Make it your goal to live your life in such a way that you give “them” something to talk about. By that I mean, live with such passion for God, with such ruthless trust in God’s goodness, with such great expectation for God’s power to be revealed through you, that you will become the fodder for water cooler conversations, dinner time talks, and bedtime stories. Whether your faith rubs people the wrong way or draws them to your God, it is a badge of honor that they are talking about you.
Going Deep // Focus: 2 Kings 8:4-6
The king had just said, “Tell me some stories about the great things Elisha has done.” And Gehazi was telling the king about the time Elisha had brought a boy back to life. At that very moment, the mother of the boy walked in to make her appeal to the king about her house and land. “Look, my lord the king!” Gehazi exclaimed. “Here is the woman now, and this is her son—the very one Elisha brought back to life!” The king asked her, “Is this true?” And she told him the story.
Elisha had a unique calling, obviously. God did amazing things through this Old Testament prophet that he is not likely to do through believers like you and me—parting the waters of the Jordan, calling out bears to attack young people who made fun of him, pronouncing judgment on kings, performing miracles for destitute widows. Unlike us, Elisha and his predecessor Elijah occupied a very specialized niche in God’s prophetic economy, and the things God enabled them to do became fodder for dinner time conversations and bedtime stories throughout the generations of Israel. Even kings got in on the act:
Tell me stories about the great things Elisha has done. (2 Kings 8:4)
Yet as great as they were, they were just you and me. In fact, in the New Testament, James, the leader of the early church, said that Elijah was a human of like passions as us:
Yet when he prayed earnestly that no rain would fall, none fell for three and a half years! Then, when he prayed again, the sky sent down rain and the earth began to yield its crops. (James 5:17-18)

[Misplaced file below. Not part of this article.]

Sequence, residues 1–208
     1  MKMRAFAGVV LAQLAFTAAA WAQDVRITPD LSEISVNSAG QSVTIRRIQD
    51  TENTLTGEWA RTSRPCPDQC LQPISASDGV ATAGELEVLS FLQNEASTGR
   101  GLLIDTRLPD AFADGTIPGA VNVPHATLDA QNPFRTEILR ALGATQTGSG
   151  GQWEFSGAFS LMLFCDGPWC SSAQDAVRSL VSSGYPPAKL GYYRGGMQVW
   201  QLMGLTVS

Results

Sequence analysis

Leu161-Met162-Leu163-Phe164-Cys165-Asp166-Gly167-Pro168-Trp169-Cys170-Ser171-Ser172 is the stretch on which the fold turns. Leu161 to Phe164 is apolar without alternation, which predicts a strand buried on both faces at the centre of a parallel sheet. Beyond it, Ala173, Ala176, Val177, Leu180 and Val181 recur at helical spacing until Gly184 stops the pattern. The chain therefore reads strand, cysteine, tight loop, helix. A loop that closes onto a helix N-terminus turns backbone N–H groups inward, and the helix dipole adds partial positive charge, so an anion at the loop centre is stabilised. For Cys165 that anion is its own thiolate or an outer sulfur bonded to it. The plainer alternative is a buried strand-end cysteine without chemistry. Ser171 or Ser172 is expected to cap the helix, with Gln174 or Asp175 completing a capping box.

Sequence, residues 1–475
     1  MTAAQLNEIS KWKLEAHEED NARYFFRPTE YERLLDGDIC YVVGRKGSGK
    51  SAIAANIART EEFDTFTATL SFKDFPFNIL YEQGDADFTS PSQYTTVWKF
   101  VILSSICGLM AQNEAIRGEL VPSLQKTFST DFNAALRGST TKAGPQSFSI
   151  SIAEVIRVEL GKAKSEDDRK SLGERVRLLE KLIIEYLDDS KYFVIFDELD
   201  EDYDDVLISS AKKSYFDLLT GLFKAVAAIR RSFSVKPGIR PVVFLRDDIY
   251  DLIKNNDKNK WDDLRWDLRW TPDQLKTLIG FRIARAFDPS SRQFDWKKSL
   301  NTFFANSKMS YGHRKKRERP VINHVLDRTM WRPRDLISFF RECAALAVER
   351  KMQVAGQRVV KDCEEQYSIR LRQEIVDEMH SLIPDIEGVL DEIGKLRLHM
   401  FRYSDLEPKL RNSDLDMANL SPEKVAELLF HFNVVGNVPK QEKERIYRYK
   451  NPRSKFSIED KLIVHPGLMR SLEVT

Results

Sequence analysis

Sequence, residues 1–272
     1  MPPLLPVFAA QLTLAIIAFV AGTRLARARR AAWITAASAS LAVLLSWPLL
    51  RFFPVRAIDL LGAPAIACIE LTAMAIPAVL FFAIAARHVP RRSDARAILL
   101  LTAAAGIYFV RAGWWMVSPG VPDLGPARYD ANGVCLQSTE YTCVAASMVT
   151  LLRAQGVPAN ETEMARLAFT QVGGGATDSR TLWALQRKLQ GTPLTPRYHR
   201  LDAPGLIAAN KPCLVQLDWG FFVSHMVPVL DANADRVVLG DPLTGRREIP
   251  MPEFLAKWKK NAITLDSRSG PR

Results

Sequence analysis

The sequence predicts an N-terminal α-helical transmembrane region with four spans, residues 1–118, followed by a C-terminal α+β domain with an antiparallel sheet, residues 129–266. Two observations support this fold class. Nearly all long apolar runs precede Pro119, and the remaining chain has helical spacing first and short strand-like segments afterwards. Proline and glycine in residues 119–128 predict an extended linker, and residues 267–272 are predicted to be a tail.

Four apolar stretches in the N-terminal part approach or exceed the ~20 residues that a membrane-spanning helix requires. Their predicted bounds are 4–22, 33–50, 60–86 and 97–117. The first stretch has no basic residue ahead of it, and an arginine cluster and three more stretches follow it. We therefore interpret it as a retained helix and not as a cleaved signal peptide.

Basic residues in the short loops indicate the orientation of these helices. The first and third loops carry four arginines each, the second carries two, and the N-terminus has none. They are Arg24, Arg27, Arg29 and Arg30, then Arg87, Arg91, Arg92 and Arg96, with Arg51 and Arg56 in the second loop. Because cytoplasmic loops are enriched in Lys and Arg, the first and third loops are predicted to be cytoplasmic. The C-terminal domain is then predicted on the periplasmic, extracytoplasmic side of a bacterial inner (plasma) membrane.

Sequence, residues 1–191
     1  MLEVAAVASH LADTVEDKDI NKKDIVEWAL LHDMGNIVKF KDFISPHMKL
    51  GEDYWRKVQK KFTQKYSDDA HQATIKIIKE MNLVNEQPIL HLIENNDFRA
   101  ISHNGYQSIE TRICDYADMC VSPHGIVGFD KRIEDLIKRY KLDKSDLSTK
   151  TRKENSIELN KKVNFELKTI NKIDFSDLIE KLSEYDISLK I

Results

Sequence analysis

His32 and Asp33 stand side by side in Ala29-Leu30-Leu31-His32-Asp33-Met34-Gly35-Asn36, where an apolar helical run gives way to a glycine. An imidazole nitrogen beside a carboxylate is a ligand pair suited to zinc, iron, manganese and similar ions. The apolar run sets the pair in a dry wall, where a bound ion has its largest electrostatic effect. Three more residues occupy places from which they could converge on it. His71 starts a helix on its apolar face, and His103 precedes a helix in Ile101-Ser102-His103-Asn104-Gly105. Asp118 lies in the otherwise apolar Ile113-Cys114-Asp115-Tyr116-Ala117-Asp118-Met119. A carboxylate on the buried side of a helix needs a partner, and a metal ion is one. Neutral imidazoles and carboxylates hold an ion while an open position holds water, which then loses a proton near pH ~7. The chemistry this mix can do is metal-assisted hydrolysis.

The implication is that we, too, will have our prayers heard when we offer them in Elijah/Elisha-like faith. So let’s not sell ourselves short: God can likewise use us in unique ways. Of course, how God uses us is up to him. Our part is to simply offer ourselves to him in wholehearted devotion, ruthless faith, and expectant trust, then leave the results up to God.
When we do that, we will leave them something to talk about. Who is “them”? The people in your world, that’s who—your family, friends, neighbors and co-workers. They talked about Elisha; they will talk about you, too. It may not be because of the miracles that God works through you or the spectacular answers to your prayers—again, that is up to God—but for sure, they will talk about your passion for the Lord, your godly character, your willingness to speak his truth and to act lovingly in his name. They may speak in favorable ways, as the king did in Elisha’s case in the present story, or they may speak of you in a negative light, as the king did of Elisha in 2 Kings 6:26-31,
May God strike me and even kill me if I don’t separate Elisha’s head from his shoulders this very day. (2 Kings 6:31)
Good or bad, at least they were talking about Elisha. In reality, however, they were talking about God because of Elisha. And shouldn’t that be our goal? Shouldn’t we so live out our faith that we give them something to talk about, that we give them fodder for water cooler, or dinner table, or bedtime stories? If your goal in life is to avoid being the topic of conversation, I would suggest that is not a worthy goal. However, if your goal is to be a conversation starter for Jesus, then you have lived a noble life.
Today might be a good day to start living your public life with such devotion for God and passionate love for people that you give them something to talk about.